15 For collective investment schemes, the CLRF Committee recommended allowing the secondary trading of schemes purchased under the institutional and sophisticated investor exemptions. Clauses 91, 92 and 93 remove the requirement that units in such schemes be non-transferable and allow subsequent sales among institutional and sophisticated investors.
Replacing Certain Offer Documents with an Information Statement
16 When a listed company makes a renounceable rights issue, Clause 68 replaces the current requirement for the company to issue an abridged prospectus with that of an offer information statement. The offer information statement will be a shorter and more relevant document in these circumstances. As mentioned earlier, information on such listed issuers would be publicly available, as they already comply with continuous disclosure obligations. Likewise, clause 79 provides that a listed company may offer additional issues of shares using an offer information statement.
Repeal of Reporting Requirements
17 Several provisions in the SFA have been repealed to further streamline the fund-raising process. Clause 77 removes the need to lodge, with MAS, an information memorandum used for offers to sophisticated investors. Clause 80 dispenses with the need to lodge a notice to invoke exemptions from the prospectus requirements, and repeals the requirement for Singapore-incorporated issuers to maintain a register of securities issued under an exemption from the prospectus requirements.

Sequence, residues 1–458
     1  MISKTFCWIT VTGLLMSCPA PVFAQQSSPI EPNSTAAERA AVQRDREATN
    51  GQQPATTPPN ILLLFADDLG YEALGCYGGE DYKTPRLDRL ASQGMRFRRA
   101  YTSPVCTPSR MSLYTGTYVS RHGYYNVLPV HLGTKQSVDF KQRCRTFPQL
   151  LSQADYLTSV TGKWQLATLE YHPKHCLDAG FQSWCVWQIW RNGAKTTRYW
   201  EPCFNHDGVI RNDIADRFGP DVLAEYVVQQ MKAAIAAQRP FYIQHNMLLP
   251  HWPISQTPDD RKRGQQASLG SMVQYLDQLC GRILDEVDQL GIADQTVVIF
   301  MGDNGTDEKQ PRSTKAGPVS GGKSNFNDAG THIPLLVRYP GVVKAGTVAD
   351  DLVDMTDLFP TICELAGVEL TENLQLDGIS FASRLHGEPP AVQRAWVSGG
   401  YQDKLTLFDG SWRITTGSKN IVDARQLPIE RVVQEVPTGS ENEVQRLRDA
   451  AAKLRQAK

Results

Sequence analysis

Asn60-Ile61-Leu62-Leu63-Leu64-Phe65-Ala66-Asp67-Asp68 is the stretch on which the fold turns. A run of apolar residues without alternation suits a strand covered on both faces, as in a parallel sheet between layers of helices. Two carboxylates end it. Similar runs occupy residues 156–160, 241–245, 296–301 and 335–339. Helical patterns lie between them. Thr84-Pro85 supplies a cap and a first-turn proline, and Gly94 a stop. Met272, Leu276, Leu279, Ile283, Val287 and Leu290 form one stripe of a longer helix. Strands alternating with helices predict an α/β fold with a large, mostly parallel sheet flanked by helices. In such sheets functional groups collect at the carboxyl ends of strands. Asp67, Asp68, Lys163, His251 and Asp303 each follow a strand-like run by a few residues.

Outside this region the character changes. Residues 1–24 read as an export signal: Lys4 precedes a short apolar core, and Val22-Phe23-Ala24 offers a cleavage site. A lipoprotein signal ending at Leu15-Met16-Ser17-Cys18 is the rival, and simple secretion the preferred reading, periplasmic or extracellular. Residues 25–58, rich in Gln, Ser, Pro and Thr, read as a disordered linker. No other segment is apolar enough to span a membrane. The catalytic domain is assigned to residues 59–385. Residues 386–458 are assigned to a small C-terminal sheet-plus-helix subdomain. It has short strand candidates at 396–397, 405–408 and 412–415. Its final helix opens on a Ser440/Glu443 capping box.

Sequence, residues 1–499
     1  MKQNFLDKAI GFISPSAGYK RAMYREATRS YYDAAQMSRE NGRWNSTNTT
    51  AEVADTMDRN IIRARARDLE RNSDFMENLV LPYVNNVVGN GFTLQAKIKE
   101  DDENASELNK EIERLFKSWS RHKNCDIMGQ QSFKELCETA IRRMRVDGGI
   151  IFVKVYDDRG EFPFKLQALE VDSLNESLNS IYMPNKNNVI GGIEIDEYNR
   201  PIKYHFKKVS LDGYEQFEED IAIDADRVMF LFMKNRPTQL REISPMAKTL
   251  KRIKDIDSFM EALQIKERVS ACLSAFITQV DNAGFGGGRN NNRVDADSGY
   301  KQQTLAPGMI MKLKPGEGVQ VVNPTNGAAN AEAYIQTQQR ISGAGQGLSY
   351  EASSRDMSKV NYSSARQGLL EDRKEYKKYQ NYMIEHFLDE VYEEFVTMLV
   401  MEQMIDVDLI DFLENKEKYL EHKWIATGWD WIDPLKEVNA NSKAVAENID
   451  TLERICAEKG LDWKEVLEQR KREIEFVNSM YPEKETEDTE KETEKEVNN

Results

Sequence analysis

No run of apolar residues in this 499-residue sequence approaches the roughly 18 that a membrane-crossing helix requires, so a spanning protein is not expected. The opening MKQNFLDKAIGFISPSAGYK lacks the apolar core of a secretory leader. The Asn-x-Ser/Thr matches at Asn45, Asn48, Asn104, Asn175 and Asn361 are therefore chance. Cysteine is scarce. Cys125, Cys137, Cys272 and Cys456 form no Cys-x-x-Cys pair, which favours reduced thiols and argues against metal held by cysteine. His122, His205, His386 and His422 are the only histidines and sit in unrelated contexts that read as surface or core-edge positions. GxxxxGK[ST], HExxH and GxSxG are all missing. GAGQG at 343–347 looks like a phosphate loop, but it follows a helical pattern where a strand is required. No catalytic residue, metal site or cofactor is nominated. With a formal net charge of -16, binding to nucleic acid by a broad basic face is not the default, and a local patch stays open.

18 There is no countervailing public interest to be served in requiring MAS to be a depository of exempted offering documents, such as information memoranda and notices invoking exemptions. Such requirements only add to administrative and regulatory costs. The CLRF Committee also found no reason why Singapore-incorporated issuers should maintain a register of exempted issues, when foreign incorporated issuers are not subject to this requirement.
Repeal of Requirements on Trustees for Debentures
19 The SFA currently requires issuer companies to appoint trustees and to include certain prescribed covenants in the trust deed for public offerings of debentures. These requirements are not stipulated for share offers even though the risks associated with debentures are generally lower than those for shares. Clause 72 repeals these provisions and removes the current differential treatment between share and debenture offers. The differential treatment also does not accord with prevailing practices in the international bond market and can increase the costs for debenture issuers.
20 Sir, let me now highlight some of the other amendments that address industry feedback and market developments.
Regulation of Clearing Facilities for OTC Derivatives